The book (which we have just begun studying) advocates planting in interlocking layers of plants, which reflects the dynamic way plants grow together in nature. There is much to learn about this approach. The authors envision improved plant labels that provide more useful information about how a plant grows and recommend relevant resources as the http://www.cnps.org/cnps/grownative/California Native Plant Society.

Both aesthetic and horticultural approaches to plant selection have significant impacts on the success of gardening and the amount of work involved in maintaining a garden. If your gardening involves mostly keeping plants alive, replacing plants that have died, combating weeds, and wanting the garden to look better, it could be time to give more attention to plant communities.

Growing Dahlias

Dahlias are among the easier blossoming plants to cultivate in the garden. As natives of Mexico, they thrive in the Monterey Bay area climate and bring drought-tolerance as well.

As mentioned in today’s article about the upcoming sale of the Monterey Bay Dahlia Society, dahlias are available in many different blossom forms and colors and can be a fine addition to the garden.

This column offers basic practices for growing dahlias after you have selected tubers at the Society’s sale.

The first consideration is to select a location will full exposure to the sun and good drainage. Dahlias, like most flowering plants, grow best with six hours of sun each day, and in well-drained soil. Sandy loam is fine, but clay soil will require substantial amendment with organic material.

Dahlia with Bee

Dahlias can be planted any time between the last day of frost (which is not a concern in this area) and as late as mid-June. The local tuber sale is scheduled around the time when last season’s tubers are ready to be dug and divided, so the day of the sale represents a good beginning for the local planting season. If you are not ready to plant, store your new tubers temporarily in a cool, shady environment.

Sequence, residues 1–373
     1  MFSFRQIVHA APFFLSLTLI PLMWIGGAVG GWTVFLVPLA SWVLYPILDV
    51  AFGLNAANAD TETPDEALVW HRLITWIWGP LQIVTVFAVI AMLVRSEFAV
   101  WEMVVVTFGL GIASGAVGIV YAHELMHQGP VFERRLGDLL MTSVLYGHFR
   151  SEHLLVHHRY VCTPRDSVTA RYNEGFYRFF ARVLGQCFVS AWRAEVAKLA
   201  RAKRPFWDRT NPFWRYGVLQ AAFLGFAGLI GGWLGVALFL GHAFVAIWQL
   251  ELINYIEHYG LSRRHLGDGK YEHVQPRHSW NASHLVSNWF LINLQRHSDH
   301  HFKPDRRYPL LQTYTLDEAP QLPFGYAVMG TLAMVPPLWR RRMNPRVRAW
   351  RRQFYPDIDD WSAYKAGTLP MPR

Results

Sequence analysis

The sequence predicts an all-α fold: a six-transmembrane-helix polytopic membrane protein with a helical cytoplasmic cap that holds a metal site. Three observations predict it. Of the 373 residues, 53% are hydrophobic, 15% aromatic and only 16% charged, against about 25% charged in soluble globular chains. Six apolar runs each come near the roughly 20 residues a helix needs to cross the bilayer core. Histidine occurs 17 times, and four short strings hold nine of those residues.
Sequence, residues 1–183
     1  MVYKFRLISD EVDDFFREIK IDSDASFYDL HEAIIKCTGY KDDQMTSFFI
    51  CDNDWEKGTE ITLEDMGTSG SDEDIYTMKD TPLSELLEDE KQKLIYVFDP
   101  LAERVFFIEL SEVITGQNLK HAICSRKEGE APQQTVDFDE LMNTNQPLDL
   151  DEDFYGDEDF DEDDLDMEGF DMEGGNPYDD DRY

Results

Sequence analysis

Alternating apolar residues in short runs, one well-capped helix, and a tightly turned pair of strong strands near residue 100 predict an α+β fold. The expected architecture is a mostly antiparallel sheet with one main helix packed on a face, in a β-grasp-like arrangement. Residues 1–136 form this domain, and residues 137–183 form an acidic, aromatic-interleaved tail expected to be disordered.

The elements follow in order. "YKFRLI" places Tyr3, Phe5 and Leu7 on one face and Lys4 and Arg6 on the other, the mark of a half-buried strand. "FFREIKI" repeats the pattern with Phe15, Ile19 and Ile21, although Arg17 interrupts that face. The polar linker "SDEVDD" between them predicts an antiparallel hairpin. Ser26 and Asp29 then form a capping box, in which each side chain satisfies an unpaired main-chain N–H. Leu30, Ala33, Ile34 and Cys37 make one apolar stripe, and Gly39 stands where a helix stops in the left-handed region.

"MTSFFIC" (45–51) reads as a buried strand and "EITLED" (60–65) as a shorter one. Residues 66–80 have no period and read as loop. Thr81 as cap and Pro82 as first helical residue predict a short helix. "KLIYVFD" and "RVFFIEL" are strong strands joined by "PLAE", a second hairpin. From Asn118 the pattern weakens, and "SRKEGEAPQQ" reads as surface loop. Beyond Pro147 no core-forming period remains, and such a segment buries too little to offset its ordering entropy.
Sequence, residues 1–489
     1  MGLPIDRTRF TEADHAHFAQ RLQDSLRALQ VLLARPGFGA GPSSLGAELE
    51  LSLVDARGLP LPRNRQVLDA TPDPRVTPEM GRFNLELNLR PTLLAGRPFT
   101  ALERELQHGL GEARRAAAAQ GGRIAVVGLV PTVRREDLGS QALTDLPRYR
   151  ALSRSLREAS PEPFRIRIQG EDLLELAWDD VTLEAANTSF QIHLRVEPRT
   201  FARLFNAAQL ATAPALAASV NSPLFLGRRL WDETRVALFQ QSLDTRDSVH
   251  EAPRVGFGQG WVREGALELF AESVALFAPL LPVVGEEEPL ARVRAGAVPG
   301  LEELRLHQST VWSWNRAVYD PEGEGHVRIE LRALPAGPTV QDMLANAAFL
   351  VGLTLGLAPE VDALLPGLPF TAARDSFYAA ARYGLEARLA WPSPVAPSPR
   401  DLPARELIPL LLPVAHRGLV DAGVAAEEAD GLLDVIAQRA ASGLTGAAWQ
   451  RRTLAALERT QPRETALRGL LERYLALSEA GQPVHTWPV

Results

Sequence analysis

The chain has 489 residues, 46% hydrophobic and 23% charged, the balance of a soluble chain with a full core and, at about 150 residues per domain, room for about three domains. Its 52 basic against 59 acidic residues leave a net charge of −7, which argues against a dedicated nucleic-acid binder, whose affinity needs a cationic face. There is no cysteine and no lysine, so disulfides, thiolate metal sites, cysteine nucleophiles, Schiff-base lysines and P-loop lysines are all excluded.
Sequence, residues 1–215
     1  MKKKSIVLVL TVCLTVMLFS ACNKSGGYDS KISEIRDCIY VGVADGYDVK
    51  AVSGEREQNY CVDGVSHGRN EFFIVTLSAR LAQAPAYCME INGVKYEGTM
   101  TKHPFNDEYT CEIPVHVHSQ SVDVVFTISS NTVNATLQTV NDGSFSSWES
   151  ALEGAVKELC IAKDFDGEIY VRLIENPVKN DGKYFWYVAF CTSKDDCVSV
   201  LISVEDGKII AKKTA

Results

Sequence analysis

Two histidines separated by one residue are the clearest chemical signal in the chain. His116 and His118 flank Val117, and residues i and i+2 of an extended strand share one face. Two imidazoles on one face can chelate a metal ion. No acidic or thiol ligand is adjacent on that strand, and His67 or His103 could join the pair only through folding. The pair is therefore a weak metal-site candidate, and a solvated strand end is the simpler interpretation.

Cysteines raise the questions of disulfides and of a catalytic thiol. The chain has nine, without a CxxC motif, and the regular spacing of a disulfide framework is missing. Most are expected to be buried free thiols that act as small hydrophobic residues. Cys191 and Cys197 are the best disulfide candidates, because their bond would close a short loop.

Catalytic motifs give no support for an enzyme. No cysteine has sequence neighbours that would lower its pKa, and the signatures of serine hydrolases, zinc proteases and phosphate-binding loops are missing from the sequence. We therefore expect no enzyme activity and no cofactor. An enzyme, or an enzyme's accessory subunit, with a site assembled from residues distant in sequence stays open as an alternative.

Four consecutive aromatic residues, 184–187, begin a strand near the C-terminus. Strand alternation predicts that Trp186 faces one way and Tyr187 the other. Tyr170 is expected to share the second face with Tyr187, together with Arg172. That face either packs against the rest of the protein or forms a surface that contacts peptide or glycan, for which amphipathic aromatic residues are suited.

Most dahlias will need staking, so it’s a good practice to position a sturdy stake for each tuber, and to install the stake at the same time that you plant the tune. Inserting a stake later runs the risk of stabbing the tuber.

If you don’t want bare stakes in the garden while the plant develops, you could install a short piece of plastic pipe with the top at ground level next to the tuber, then, when the plant grows to need staking, insert a thin stake (bamboo?) in the plastic pipe and tie the plant to the stake.

Plant the tuber several inches deep, with the “eye” (the growing point) facing up. Some tubers might lack such an eye, and will not sprout, but well-selected tubers will have viable growing points. The eye can be difficult to confirm, so selection can require some experience in identifying tubers that are ready to grow.

Separate the tubers from each other by about two feet.

Protect the sprouting plants from snails and slugs. A good practice is to visit your plants in the night (with a flashlight) or in the early morning to remove any crawling pests that have discovered them. Regular applications of an organic snail control, e.g., Sluggo, also works.

Control flying pests with insecticidal soap or other organic pesticides.